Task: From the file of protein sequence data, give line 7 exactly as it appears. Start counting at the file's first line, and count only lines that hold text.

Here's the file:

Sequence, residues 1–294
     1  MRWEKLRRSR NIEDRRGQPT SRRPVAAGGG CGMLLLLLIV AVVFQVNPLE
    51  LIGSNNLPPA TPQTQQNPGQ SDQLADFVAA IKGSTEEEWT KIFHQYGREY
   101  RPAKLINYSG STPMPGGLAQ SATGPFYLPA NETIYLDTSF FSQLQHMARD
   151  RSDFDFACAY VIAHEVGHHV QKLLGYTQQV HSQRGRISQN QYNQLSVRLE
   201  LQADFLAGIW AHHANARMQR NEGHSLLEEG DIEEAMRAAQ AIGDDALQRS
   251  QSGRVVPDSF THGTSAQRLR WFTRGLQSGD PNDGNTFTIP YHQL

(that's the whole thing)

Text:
   251  QSGRVVPDSF THGTSAQRLR WFTRGLQSGD PNDGNTFTIP YHQL